Yes, indeed, the time to reject evil has come. And gone. And come again…again. We can no longer sit by pretending this is someone else’s battle to fight, someone else’s battle to wage. It is time to stand with those who have become too tired to stand. It is time to speak for those who have become too hoarse to cry out any longer. It is time to remind one another of Robert F. Kennedy’s passionate speech in which he called each of us to be part of something entirely different, something stronger than despair, something stronger than hate.

A tiny ripple of hope.

But how? How do we do that? At first, I thought to myself, “You know, Burnsville seems so far from the Front Line of what’s happening in places like Charlottesville, Boston, Barcelona, and Phoenix. But then, almost as quickly, I reminded myself: “No, the front line is right here! This is the front line.”

The front line is where peace and benevolence strike out against violence and bigotry. This is where the movements of anti-racism strike out against the evil of xenophobia. This is where tolerance strikes out against intolerance, where love strikes out against hate, where the momentum of life strikes out against the movements of death. The front line is wherever we are at any given moment. The front line becomes visible in those several brief moments whenever we not only see, but confront intolerance, injustice and hatred with the courageous response of hope… even a tiny ripple of hope.

Each time we answer an email or return a phone call, we have several brief moments to make a lasting impression of love and hospitality. Each time we welcome someone into wherever we live, work and play we have several brief moments to bless someone else’s life.

Each time we take an extra moment and say hello to someone and look them in the eyes, we have several brief moments to embody the welcoming presence of peace and justice—the welcoming presence of the Prince of Peace who calls us to peace.

Each time we connect with another human being—family members, someone in the parking lot, someone on the street, someone in a restaurant, on the freeway, along the trail, another driver, a service provider, a barista, a teacher, a police officer, a neighbor, a friend—we have several brief moments to bless them with our presence, with our generosity, with our hospitality, with our kindness, with our love, with our welcome—with every bit of our hearts, minds and souls—we have several brief moments to change the rhythms of despair into the momentum of love, the rhythms of death into the momentum of life.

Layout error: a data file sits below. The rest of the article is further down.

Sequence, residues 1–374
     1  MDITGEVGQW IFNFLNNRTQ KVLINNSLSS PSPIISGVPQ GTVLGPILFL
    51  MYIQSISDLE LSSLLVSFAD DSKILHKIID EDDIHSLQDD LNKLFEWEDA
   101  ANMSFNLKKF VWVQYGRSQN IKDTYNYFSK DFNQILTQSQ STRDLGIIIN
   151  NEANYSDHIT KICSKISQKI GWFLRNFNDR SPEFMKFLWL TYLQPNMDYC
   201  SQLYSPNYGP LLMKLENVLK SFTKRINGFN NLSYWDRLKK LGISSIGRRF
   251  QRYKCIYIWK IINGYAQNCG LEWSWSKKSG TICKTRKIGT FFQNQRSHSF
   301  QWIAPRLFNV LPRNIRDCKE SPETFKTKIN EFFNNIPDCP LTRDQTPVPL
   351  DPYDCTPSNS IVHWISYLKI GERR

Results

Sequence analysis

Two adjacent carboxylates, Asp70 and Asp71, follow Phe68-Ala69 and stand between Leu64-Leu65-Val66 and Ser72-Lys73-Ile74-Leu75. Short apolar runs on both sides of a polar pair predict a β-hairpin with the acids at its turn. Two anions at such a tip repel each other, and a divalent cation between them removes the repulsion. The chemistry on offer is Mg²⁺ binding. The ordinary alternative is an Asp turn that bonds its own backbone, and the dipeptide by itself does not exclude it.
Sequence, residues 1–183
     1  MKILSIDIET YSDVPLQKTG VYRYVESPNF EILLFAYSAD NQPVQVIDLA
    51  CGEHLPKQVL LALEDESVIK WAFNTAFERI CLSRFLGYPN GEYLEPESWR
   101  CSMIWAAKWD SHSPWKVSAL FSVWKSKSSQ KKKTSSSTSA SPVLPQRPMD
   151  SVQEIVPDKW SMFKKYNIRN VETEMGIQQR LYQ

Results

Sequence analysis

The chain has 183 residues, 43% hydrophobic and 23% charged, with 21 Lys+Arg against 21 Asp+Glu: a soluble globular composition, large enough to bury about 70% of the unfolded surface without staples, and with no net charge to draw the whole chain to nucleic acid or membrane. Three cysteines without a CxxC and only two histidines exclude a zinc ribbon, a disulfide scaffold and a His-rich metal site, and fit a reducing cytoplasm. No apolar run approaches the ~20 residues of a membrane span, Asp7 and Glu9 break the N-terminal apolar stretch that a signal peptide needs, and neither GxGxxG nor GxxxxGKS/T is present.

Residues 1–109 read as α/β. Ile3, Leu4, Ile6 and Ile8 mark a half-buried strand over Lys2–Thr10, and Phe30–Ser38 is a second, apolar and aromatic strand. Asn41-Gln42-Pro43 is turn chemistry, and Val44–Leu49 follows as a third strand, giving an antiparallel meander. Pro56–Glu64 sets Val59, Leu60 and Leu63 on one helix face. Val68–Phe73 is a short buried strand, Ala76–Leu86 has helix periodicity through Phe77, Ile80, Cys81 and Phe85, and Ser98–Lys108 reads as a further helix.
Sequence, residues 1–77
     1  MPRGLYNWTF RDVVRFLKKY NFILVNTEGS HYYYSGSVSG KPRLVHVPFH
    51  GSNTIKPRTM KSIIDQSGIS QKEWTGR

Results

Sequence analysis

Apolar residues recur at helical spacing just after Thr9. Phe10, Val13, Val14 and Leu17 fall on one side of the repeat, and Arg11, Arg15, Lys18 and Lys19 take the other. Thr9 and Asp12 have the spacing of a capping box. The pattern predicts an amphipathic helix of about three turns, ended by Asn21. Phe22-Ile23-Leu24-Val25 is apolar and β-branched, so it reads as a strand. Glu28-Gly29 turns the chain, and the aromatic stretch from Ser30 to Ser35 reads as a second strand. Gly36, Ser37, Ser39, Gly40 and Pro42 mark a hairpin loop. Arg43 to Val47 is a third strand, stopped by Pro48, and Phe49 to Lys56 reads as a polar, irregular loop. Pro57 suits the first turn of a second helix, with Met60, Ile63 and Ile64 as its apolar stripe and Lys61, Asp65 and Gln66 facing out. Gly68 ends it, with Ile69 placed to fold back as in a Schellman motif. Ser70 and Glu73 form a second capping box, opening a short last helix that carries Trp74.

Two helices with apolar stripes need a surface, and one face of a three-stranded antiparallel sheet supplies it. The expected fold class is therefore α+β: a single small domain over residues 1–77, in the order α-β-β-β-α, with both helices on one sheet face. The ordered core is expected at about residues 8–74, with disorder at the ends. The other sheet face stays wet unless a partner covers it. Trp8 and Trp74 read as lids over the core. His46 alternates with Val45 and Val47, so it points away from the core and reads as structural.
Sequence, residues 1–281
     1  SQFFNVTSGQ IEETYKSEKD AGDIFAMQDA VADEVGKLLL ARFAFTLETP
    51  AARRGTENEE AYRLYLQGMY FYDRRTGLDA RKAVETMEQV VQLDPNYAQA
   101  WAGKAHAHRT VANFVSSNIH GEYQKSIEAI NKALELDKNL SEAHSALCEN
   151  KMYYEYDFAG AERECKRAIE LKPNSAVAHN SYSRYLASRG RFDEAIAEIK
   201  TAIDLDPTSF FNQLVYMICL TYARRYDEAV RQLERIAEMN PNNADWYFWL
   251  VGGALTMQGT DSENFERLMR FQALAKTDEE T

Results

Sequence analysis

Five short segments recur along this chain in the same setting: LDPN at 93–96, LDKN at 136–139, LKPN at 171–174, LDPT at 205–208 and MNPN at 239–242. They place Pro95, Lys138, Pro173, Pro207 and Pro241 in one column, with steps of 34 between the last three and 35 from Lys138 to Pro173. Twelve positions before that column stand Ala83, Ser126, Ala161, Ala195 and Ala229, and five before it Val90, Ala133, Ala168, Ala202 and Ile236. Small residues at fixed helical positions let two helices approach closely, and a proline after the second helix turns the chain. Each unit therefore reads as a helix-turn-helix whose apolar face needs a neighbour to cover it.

So, where do we start? First, we begin with our own families and in our own homes where we learn and teach love. Our kids and our grandkids deserve to grow up with a deep understanding of the dignity and beauty of every person; no exceptions; not just people “like us” but all people. So talk to your children and talk with your grandchildren. Let them know why you are disturbed by events like those in Charlottesville and Boston and Barcelona and Phoenix. Talk to your adult siblings and in-laws, especially when racist or bigoted comments are made within your family gatherings.

Secondly, take a stand. So true the old adage, “If you don’t stand for something, you’ll fall for anything.” So meet with others and seek ways together of standing up for values that improve the lot of someone else, not being afraid to strike out against injustice. When we do that we’ll be sending forth tiny ripples of hope, which will cross each from a million different centers of energy and daring. And ultimately, those tiny ripples of hope will build a current that can sweep down the mightiest walls of oppression and resistance.

Paul Gauche serves as Pastor of Life Transitions at Prince of Peace Lutheran Church in Burnsville, MN